Camera-trap study captures Sumatran tigers, clouded leopards, other rare beasts

Documenting a community of terrestrial animals.


Rapid and widespread biodiversity losses around the world make it important to survey and monitor endangered species, especially in biodiversity hotspots. Bukit Barisan Selatan National Park (BBSNP) is one of the largest conserved areas on the island of Sumatra and is essential for the conservation of many threatened species.

To get detail insight on how abundant the species are, scientists deployed motion-sensitive camera traps across a 50-square-mile swath of Bukit Barisan Selatan National Park in southern Sumatra and, over eight years, recorded the haunts and habits of dozens of species, including the Sumatran tiger and other rare and endangered wildlife. Their observation also revealed how smaller creatures avoid being eaten by tigers and other carnivores.

Max Allen, a wildlife ecologist at the Illinois Natural History Survey who led the research, said, “A lot of my research focuses on natural history, where I’m trying to understand behaviors and aspects of ecology that no one has been able to record before. And camera traps are a good way to document a community of terrestrial animals.”

A total of 39 animals had been captured, including critically endangered Sumatran tigers, Sumatran elephants, and Sunda pangolins, as well as carnivores including Asian golden cats, marbled cats, Sunda clouded leopards, Malayan sun bears and masked palm civets.

Camera sightings revealed that tigers are more likely to be active during day time with the majority of sightings in midday.

The species that compete with tigers as top carnivores appeared to be doing their best to avoid going out during the Tigers’ peak activity times. For example, Sumatran clouded leopards – which are not strictly nocturnal – dropped off precipitously in the hours before noon and picked up a bit in the late evening, when tigers were rarely seen.

However, smaller cats found to stay fearless and actively avoid tigers.

Allen said, “The daytime activity of the marbled cat, for example, actually overlaps highly with that of the tigers. It’s likely the marbled cats are small enough to be eating prey – like rodents – that is of no consequence to tigers.”

The camera traps recorded 28 species not seen in earlier surveys, including the critically endangered Sunda pangolin, and the endangered dhole and otter civet. Surveys from previous studies captured eight species that the camera traps missed, however. These include the critically endangered Sumatran rhinoceros, the endangered dark-handed gibbon, and the endangered hairy-nosed otter.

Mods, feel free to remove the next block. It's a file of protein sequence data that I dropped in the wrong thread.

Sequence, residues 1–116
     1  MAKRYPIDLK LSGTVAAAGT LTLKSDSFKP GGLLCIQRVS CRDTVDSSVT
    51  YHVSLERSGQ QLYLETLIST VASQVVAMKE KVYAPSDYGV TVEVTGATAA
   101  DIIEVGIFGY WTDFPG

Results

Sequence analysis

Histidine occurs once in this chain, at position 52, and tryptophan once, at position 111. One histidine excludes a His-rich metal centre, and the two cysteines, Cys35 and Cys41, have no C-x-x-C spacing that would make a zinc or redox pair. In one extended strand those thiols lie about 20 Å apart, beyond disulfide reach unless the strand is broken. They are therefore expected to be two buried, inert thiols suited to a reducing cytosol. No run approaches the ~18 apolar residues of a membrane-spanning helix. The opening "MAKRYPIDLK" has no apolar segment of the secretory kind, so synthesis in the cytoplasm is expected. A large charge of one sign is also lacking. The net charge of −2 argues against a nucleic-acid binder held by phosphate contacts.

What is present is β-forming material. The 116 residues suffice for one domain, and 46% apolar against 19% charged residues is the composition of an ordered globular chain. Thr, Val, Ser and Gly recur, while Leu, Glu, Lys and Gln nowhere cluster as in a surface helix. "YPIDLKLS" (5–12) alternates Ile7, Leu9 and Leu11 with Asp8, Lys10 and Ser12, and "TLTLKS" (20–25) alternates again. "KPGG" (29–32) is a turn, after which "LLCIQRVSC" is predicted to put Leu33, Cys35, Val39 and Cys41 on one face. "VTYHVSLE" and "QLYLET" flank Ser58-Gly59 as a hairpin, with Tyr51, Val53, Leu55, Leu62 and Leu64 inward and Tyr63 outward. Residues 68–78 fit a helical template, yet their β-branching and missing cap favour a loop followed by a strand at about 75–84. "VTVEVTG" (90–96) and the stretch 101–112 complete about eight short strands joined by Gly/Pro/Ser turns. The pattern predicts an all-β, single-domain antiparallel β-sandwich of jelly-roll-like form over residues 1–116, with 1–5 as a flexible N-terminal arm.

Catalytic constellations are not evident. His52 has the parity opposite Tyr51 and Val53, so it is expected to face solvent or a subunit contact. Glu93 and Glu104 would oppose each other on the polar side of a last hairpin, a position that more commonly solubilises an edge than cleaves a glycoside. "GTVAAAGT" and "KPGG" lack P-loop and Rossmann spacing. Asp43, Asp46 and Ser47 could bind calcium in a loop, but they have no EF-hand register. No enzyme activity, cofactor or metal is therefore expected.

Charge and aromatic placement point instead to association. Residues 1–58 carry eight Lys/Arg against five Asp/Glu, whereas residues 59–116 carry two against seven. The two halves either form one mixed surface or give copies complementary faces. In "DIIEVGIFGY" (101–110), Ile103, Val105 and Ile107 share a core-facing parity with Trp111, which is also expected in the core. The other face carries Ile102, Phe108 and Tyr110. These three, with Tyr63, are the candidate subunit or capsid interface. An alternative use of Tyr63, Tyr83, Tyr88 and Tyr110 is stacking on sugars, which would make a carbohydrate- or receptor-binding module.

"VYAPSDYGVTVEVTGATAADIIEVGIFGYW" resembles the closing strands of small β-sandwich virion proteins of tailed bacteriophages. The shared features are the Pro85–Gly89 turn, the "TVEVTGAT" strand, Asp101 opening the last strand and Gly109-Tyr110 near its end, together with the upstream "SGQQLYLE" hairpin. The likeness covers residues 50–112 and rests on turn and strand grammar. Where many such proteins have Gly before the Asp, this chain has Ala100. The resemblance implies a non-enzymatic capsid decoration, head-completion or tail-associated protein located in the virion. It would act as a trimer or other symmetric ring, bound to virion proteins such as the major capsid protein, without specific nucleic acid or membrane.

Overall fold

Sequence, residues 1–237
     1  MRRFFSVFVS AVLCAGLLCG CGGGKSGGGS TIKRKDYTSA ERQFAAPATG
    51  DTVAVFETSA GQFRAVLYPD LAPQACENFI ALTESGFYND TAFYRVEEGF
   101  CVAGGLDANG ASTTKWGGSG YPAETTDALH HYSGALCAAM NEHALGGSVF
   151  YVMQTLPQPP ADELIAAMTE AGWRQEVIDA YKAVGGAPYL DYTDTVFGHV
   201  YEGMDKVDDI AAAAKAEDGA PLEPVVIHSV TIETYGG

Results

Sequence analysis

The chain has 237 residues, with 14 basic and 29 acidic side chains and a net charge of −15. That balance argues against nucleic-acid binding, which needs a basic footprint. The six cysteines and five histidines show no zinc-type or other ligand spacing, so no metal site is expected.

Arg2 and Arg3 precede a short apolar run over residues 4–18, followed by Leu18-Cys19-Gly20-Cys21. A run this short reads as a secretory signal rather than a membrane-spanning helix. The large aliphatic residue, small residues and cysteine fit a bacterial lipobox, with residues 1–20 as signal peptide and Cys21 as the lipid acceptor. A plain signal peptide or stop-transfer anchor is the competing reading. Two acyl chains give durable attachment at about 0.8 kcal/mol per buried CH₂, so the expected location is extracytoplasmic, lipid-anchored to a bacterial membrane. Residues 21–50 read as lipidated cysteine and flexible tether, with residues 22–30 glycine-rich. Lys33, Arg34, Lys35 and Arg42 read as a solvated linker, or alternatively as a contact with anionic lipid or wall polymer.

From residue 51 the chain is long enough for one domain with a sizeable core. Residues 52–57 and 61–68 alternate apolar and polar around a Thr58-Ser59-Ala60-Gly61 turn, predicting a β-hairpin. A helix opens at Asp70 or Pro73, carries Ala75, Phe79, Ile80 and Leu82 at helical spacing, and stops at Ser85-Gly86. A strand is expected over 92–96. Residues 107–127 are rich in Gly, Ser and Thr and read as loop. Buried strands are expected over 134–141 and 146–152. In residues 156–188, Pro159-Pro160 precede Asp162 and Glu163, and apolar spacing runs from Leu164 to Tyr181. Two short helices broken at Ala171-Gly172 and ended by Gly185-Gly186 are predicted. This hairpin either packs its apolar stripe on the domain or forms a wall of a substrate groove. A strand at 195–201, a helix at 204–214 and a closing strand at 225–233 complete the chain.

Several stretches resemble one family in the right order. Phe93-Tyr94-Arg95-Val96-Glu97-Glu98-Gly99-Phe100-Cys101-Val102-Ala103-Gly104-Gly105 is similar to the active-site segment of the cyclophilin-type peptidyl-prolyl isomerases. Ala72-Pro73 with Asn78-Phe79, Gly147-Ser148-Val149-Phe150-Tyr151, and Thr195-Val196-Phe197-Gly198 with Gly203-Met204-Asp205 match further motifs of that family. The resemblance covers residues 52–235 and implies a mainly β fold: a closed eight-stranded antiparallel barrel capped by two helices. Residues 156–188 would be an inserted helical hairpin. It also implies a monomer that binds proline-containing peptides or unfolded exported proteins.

• Researchers tracked wildlife over eight years in a 50-square-mile region of Bukit Barisan Selatan National Park, near the coast of southern Sumatra, Indonesia. Photo by Max Allen
  • Most of Sumatra’s wildlife persist in its national parks, the only wild areas left on the island. Photo by Max Allen
  • Over a period of eight years, Allen’s camera traps captured Sumatran tigers an average of six times during annual 30-day monitoring periods. Photo courtesy Max Allen
  • The dhole (Cuon alpinus). Photo by Johan Spaedtke
  • The Asian golden cat (Catopuma temminckii). Photo by Karen Stout, CC BY-SA 2.0
  • Illinois Natural History Survey wildlife ecologist Max Allen uses camera traps to study wildlife around the world. Here, he is emerging from a brown bear den in Slovenia. Photo courtesy Max Allen

Allen said, “Despite their limitations, camera traps often capture things that people surveying in the wild will miss.”

“There are a lot of interesting behaviors that we can’t capture through classic field methods that camera trapping allows us to document. For example, in an earlier camera-trap study of Sunda clouded leopards in Borneo, Allen and his colleagues discovered that the male clouded leopards would scent mark, scratching and urinating to establish their territory and to attract mates – something other researchers had never observed before.”

“There are gaps in our knowledge that camera traps can fill. It would be difficult to document these behaviors and interactions by other means.”

Conservation International, Missouri Botanical Garden, Smithsonian Institution, Wildlife Conservation Society, Gordon, and Betty Moore Foundation and INHS contributed to this research.

The paper describing the study is published in the journal Animal Biodiversity and Conservation.

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